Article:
After much pondering, Elmer L. Fairbank favored us with:
It seems to me that an honest scholar would just stick to writing things
he can authenticate using the documentary record, or at least the
archaeological record. In the absence of such records the author isn't
just engaging in unfounded supposition, he is engaged in irresponsible
guessing and wild speculation. That is, he is just making up the
story. Such a book is fiction, not nonfiction.
Ah, yes, but now it becomes part of the scholarly record, to be quoted ad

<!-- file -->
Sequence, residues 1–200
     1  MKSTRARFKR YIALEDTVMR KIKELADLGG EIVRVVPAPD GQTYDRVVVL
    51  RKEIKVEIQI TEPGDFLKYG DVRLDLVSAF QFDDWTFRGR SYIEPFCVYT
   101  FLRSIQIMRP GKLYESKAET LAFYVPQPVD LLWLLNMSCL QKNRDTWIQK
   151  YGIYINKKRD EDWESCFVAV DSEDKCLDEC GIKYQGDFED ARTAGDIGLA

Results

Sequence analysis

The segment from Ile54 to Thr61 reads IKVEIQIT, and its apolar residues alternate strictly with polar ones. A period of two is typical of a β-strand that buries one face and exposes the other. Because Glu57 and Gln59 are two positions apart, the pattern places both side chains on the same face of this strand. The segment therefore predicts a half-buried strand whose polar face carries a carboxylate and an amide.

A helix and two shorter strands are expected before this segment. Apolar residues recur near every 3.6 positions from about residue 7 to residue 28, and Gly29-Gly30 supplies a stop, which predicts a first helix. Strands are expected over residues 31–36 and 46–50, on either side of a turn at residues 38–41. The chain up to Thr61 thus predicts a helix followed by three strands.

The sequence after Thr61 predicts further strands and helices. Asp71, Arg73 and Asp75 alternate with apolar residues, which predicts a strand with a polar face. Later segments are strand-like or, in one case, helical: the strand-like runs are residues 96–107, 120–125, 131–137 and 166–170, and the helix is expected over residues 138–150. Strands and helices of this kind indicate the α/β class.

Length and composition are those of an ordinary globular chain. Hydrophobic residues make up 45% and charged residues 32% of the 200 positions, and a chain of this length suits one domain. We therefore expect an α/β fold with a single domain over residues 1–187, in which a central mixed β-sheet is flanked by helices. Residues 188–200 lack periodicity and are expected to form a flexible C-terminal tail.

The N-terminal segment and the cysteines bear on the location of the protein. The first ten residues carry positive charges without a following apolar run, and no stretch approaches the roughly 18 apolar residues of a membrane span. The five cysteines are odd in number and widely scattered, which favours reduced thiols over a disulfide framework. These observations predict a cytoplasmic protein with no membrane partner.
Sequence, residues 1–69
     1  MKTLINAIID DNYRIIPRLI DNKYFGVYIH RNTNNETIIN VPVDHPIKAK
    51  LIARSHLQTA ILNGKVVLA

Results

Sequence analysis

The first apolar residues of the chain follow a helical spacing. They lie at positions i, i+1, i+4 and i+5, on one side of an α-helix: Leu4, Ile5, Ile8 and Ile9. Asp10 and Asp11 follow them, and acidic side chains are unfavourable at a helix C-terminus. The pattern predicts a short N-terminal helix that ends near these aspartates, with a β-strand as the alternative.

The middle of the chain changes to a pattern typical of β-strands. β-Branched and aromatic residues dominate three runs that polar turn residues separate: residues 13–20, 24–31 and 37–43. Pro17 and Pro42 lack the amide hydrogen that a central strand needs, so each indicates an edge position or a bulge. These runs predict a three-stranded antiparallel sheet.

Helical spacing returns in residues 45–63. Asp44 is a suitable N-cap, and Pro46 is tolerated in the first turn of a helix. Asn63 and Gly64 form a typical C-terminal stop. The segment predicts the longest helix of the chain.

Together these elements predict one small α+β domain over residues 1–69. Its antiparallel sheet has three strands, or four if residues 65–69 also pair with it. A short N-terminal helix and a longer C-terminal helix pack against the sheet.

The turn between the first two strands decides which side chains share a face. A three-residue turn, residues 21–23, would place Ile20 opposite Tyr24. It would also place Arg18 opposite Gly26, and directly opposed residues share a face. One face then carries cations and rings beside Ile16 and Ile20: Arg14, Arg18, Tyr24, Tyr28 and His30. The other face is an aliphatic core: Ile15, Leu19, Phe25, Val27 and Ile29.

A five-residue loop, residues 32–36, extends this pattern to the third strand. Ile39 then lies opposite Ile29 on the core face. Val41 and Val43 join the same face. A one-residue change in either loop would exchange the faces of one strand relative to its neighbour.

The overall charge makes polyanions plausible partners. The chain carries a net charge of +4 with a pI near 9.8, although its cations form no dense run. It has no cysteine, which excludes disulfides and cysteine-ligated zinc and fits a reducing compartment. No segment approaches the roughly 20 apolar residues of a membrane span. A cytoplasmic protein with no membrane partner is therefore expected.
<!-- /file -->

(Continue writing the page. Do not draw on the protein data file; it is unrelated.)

nauseum, with the wild speculation becoming more and more a concrete truth
with every scholarly citation.
Exactly! I can see that we are singing from the same hymnal.
John W. Redelfs [EMAIL PROTECTED]
To me, clowns aren't funny. In fact, they're kind of scary.
I've wondered where this started and I think it goes back to
the time I went to the circus, and a clown killed my dad.
All my opinions are tentative pending further data. --JWR
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